Young Women Lesson: Why Do I Need the Atonement of Jesus Christ?
The lesson plan focuses on the Fall, which is certainly a valid approach. However, my plan isn’t going to focus on that for two reasons. 1) I find the story of the Fall to be problematic and difficult to teach in a way that doesn’t make womanhood look bad. 2) I think the purpose of the lesson is to teach young women why they need the Atonement, right now, today.
Part I: Redemption from Sin
Create a series of hypotheticals (examples listed below) and invite the girls to take some time to think about what the long-term effects in life might be for those situations. Girls could discuss in pairs, write in a lesson journal, or prepare to lead the rest of the class in a discussion of their hypothetical.
In this hypothetical world there is no way to undo something you do, to repent, to say you’re sorry. The mistake defines you forever.
- You cheated on a math test in sixth grade. You were confused and looked at your neighbor’s paper. Later you wish you hadn’t done it. You should have just tried your best. The teacher doesn’t catch you, but since God knows, now you’re someone who cheats on academic work forever. It says so on every resumé, every application, it says so on your shirt so everyone you meet knows you are a cheater. How might that affect your life?
- Consider: College applications and admissions, being allowed to participate in special programs, study abroad, jobs, raising your own children, being hired or promoted. Be specific.
- At school someone tells you that a popular girl has slept with several members of the football team. The girl drives you nuts, she always acts so holier-than-thou and self-righteous and now you know…. You decide to tell your friends because she rubs them the wrong way too. And you tell some of your guy friends because they should know that she might have an STD, you heard, and they should be careful about dating her. You think it’s true, so it isn’t gossip, right? The girl ends up being homeschooled for the rest of the year because going to school is so hard. Did it really matter if it was true or not? You realize you shouldn’t have participated, and it would have been better to stick up for her and ask people to stop talking behind her back. But it’s too late. Her reputation is trashed and she can’t wait to leave the state for college and never see any of you again.
- Meanwhile, you are now permanently a gossip, because you can’t undo anything you’ve done. Every resumé, job application, dating site etc. includes the information that you spread rumors and hurt other people’s reputations.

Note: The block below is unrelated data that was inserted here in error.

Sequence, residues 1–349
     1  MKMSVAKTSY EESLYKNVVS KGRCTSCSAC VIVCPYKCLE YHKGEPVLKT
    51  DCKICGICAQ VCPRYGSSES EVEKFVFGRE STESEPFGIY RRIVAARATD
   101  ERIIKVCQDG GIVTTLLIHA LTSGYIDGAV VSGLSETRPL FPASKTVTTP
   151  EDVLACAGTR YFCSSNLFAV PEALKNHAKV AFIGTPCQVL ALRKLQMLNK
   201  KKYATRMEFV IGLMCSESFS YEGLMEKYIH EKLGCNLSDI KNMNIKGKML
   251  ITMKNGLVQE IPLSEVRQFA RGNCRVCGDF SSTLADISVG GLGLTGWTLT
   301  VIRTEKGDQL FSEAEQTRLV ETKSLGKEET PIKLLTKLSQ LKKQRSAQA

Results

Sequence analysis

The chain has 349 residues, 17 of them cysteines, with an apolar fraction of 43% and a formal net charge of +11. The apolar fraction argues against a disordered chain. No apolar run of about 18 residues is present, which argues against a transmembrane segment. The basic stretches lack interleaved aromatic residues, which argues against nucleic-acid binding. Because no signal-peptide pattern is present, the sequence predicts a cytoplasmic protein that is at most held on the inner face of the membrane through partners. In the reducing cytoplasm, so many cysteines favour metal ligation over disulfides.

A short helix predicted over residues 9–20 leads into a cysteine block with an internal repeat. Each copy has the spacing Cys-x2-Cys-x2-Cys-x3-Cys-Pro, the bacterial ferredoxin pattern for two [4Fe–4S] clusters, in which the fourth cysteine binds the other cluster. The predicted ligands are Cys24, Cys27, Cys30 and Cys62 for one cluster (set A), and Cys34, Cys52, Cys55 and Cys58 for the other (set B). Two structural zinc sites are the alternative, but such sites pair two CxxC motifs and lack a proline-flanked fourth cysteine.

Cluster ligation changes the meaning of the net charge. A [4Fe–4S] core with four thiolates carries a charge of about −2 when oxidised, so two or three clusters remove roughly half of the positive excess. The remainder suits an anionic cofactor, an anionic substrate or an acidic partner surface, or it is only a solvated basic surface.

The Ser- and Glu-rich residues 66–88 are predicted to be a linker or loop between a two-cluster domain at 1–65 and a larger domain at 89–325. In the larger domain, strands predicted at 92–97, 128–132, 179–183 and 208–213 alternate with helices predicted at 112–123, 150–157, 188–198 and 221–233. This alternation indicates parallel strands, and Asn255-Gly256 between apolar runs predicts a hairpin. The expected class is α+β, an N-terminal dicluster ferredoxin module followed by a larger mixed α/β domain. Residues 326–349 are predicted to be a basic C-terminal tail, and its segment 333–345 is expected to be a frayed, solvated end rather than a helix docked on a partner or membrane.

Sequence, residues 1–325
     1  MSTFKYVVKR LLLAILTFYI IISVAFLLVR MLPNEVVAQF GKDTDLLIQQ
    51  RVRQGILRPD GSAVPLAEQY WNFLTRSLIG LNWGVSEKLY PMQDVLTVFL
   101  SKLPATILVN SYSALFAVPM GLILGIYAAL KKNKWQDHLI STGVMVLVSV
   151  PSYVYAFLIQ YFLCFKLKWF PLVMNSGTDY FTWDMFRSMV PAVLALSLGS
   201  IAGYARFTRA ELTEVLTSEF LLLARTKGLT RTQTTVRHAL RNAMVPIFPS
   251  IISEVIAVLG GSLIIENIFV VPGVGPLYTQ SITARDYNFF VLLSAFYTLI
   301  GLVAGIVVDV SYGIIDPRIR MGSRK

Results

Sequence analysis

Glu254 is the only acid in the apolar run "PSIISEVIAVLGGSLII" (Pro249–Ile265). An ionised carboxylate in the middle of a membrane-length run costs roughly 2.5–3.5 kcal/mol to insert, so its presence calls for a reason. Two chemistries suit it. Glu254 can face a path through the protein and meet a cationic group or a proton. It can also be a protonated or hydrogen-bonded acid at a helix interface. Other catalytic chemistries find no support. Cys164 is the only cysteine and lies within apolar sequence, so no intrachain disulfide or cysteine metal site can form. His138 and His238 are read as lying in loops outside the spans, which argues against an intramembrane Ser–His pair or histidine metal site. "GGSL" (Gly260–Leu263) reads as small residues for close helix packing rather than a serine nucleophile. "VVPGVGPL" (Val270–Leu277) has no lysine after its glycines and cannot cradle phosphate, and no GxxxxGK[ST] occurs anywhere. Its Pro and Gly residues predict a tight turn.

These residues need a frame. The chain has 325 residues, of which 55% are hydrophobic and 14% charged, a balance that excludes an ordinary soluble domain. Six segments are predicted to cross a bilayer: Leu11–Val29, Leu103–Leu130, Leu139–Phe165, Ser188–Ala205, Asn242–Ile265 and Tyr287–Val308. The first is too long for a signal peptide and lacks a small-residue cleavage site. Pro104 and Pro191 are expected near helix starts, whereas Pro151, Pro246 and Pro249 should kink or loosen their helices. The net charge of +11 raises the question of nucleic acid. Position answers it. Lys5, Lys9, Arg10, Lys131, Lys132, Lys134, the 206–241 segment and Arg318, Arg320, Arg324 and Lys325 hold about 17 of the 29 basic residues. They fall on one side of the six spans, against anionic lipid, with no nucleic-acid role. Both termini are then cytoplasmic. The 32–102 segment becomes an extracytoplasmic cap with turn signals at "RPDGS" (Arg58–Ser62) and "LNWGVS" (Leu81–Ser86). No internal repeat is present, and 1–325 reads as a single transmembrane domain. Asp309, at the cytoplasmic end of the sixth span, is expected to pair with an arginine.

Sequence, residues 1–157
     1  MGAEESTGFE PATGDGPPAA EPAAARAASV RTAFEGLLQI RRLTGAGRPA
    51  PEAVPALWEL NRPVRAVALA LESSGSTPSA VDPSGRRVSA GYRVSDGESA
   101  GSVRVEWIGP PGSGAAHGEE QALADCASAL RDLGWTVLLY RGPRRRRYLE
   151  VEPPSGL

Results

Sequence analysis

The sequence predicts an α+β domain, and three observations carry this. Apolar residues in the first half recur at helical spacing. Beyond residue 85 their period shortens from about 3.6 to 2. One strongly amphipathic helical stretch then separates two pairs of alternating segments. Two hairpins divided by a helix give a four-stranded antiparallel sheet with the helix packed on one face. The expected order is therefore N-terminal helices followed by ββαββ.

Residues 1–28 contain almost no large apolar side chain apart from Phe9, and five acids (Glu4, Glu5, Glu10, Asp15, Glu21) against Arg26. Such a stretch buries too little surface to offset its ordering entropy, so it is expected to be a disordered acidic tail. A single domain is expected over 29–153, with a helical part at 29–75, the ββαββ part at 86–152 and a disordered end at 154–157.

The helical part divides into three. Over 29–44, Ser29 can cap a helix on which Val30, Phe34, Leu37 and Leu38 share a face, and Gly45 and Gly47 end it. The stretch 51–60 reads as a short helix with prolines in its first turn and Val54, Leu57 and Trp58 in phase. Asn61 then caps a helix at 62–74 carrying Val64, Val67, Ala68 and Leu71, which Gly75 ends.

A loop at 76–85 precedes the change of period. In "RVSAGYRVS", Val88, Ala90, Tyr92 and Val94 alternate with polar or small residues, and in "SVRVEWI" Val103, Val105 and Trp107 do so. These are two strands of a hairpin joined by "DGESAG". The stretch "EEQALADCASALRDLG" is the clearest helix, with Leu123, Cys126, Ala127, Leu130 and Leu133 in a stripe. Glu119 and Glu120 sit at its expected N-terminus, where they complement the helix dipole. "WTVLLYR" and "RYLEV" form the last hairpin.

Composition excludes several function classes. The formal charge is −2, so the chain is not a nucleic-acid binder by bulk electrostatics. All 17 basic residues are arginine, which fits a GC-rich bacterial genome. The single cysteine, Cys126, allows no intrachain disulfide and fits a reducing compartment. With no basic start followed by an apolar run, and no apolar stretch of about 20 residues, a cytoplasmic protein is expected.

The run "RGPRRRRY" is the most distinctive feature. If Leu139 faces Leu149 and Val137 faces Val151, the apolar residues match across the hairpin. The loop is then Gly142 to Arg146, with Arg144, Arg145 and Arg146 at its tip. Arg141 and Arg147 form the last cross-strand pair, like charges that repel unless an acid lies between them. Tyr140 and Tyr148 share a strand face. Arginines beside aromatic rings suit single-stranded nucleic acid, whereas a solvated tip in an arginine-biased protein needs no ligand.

- How might this affect your life? Dating, mission, marriage, jobs, children, friendships. Be specific.
- You get in a fight with your brother about something dumb, but it escalates. He hits you so you shove him back. He says something hurtful and you yell “I wish you didn’t exist! I hate you!” Twenty minutes later your temper has cooled. You didn’t mean it – your brother is really fun and you love shooting hoops together. He forgives you, but it’s now a mark on your soul forever. You are someone who is physically and verbally abusive who makes death threats. This information will be on every job application, mission application, dating site etc. It will be on every shirt you wear so people will know that this is who you are as a person. How will being permanently this person affect your life? Be specific.
Discuss as a class how being able to change and reinvent yourself has benefitted their lives already. Invite them to consider, and hopefully share, something they’ve done in the past they’re grateful doesn’t define who they are. Start with your own personal story.
The video in the lesson called “Why We Need a Savior” posits a series of questions – what if we could never take back something we said or did? It then shifts to talking about turning to the light and the Savior. Watching this video may provide a good segue to the next section.
Part II: Strength to Overcome
Invite class members to read the following quote and scriptures: